William R. Perry joined the firm in 1978 and became a partner in 1984.  Mr. Perry has represented Indian tribes on a broad range of matters for over thirty years. While he has represented many tribes during this time, he takes particular satisfaction in having had the opportunity to serve the Standing Rock Sioux Tribe continuously throughout his legal career.

Mr. Perry has handled significant federal and state court litigation, as well as federal administrative appeals, regarding a variety of federal Indian law matters, including jurisdictional disputes, reservation boundary matters, state efforts to tax transactions in Indian country, Public Law 280 disputes, claims for damages for wrongs committed by the federal government, cases arising under the Indian Child Welfare Act, the American Indian Probate Reform Act and many others.  Many of the cases he has handled have involved the intersection between Tribal history and Federal Indian law, an area of special emphasis in his practice.  

Mr. Perry has broad experience regarding tribal gaming under the Indian Gaming Regulatory Act (IGRA), including litigation to protect tribal authority to continue gaming in the face of a legal challenge based on a state constitutional amendment that broadly prohibited gaming under state law.  He has negotiated compacts and management agreements, developed tribal gaming ordinances, assisted tribes win connection with various gaming investigations and personnel disputes, and advised tribal gaming commissions regarding their regulatory duties.  He has addressed matters before the NIGC, including obtaining favorable Indian lands decisions for tribes under section 20 of IGRA. 

He has worked extensively on Tribal environmental matters, including successfully assisting tribes in securing Treatment as a State status, which enables Tribes to develop and implement their own environmental standards to protect their reservations.  He also has substantial expertise on the trust land acquisition process – including both the nuts and bolts of the process and the legal issues associated with the frequent challenges to trust land acquisitions.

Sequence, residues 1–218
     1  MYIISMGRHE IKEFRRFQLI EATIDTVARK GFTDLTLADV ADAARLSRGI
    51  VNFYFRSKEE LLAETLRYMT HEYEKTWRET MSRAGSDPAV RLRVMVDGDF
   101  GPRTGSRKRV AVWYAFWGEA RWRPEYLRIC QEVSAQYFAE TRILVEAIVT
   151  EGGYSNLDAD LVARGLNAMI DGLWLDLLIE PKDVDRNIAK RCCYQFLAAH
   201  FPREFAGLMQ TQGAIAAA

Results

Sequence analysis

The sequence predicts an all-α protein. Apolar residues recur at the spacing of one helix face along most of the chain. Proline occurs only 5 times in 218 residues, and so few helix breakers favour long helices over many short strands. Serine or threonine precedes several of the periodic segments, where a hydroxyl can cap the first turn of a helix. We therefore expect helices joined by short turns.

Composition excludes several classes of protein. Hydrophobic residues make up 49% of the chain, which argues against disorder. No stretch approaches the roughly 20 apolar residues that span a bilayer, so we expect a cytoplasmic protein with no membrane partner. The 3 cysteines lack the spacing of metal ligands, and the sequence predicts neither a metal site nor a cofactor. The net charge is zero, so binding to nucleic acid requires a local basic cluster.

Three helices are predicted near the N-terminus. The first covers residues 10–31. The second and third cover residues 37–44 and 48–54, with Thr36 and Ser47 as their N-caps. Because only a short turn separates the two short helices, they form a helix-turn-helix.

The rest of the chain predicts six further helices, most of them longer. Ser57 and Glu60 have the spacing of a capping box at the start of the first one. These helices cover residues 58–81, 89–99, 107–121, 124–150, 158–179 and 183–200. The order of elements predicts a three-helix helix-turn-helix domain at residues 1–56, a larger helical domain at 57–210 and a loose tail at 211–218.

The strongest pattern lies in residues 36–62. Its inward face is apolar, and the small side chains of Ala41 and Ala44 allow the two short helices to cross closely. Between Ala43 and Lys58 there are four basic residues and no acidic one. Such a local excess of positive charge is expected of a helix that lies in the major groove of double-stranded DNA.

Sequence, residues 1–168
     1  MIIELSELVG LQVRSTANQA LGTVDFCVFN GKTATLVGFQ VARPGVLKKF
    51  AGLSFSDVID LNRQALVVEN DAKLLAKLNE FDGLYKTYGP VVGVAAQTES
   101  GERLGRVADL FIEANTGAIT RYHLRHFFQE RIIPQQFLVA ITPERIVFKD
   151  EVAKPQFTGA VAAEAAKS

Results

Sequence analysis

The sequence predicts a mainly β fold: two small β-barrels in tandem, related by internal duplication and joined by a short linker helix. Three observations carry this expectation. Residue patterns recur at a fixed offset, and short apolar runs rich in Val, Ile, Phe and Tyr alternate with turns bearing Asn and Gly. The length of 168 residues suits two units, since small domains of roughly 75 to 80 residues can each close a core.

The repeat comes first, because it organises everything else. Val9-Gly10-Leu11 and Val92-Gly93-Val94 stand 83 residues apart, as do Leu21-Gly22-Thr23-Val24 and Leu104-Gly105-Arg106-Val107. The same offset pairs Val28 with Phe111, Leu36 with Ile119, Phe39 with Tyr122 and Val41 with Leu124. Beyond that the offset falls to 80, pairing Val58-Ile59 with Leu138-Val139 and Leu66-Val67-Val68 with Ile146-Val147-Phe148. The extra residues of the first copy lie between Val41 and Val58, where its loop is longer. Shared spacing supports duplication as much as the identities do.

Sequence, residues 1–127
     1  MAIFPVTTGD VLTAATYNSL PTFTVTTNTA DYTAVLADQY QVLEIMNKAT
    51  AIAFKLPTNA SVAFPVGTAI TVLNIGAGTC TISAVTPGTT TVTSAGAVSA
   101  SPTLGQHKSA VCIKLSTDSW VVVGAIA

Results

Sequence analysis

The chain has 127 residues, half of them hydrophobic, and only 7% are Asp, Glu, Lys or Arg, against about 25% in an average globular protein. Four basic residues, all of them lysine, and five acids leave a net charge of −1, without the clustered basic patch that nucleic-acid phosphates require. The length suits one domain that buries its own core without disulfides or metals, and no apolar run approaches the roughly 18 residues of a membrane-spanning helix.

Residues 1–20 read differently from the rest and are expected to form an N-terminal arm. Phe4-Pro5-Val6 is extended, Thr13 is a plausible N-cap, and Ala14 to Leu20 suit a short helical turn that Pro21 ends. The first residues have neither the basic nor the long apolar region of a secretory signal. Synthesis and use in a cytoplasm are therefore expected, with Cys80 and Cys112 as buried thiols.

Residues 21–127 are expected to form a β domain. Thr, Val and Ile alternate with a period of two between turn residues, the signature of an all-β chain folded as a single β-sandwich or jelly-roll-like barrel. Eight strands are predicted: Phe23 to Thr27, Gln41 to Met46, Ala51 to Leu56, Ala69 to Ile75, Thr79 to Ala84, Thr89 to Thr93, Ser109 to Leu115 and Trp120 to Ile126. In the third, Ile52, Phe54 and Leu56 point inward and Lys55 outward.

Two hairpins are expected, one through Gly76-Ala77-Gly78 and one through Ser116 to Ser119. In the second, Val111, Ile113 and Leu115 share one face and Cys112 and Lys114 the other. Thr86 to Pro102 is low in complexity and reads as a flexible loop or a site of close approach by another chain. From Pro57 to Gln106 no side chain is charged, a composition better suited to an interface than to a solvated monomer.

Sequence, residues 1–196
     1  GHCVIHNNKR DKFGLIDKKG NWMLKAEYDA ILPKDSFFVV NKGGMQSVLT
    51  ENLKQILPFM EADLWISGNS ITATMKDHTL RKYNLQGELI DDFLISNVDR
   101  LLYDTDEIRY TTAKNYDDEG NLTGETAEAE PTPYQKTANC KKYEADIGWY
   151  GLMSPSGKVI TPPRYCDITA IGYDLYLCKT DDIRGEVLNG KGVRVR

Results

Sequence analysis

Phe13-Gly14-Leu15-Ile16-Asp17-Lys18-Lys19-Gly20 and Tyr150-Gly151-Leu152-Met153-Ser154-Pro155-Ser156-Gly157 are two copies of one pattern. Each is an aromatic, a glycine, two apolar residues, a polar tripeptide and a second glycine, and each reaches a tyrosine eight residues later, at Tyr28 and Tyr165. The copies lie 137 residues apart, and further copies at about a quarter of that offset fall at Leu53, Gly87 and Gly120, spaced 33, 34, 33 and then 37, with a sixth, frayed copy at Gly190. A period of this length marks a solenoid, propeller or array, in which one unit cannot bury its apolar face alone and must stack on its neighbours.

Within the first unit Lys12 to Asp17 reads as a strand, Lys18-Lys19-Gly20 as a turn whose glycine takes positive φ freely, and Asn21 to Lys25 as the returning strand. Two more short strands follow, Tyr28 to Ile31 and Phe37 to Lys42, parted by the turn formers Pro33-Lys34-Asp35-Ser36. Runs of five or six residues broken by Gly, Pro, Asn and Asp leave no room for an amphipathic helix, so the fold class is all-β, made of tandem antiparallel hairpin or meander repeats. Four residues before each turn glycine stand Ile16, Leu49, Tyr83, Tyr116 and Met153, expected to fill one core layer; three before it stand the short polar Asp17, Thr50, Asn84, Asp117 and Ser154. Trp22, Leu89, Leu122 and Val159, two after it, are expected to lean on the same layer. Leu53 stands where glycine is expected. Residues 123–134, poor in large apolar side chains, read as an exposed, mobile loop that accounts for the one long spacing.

He has also represented tribes before Congress.  For example, he represented the Standing Rock Sioux Tribe in securing enactment of the Equitable Compensation Act, which provides a perpetual fund of $90.6 million, for losses connected with the flooding of Indian lands by a federal water project along the Missouri River.


  • Member of the Georgetown University Law Journal (1978)

Reported Decisions

  • Adoptive Couple v. Baby Girl, 133 S. Ct. 2552 (2013)
  • Assiniboine & Sioux Tribes of Fort Peck Indian Reservation v. Norton, 527 F. Supp. 2d 130 (D.D.C. 2007)
  • Dairyland Greyhound Park, Inc. v. Doyle, 719 N.W.2d 408 (Wis.2006) 
  • Samish Indian Nation v. United States, 419 F.3d 1355 (Fed. Cir. 2005)  
  • Taxpayers of Michigan Against Casinos v. State, 685 N.W.2d 221 (Mich. 2004)   
  • Standing Rock Sioux Tribe v. Janklow, 103 F. Supp.2d 1146 (D.S.D. 2000)
  • Rosebud Sioux Tribe v. South Dakota, 900 F.2d 1164 (8th Cir. 1990), reh'g denied, cert. denied, 500 U.S. 915 (1990)
  • American Indian Agric. Credit Consortium, Inc. v. Standing Rock Sioux Tribe, 780 F.2d 1374 (8th Cir. 1985)
  • Knight v. Shoshone & Arapahoe Indian Tribes of Wind River Reservation, Wyo., 670 F.2d 900 (10th Cir. 1982)


Georgetown University Law Center, J.D., magna cum laude, 1978

Brown University,  A.B., 1975

Bar & Court Admissions

  • District of Columbia, 1978
  • U.S. Supreme Court, 1983
  • U.S. Court of Appeals for the Federal Circuit, 1999
  • U.S. Court of Appeals for the District of Columbia Circuit, 1993
  • U.S. Court of Appeals for the 8th Circuit, 1985
  • U.S. District Court for the District of Columbia, 1996
  • U.S. District Court  for the District of North Dakota, 2001
  • Standing Rock Sioux Tribal Court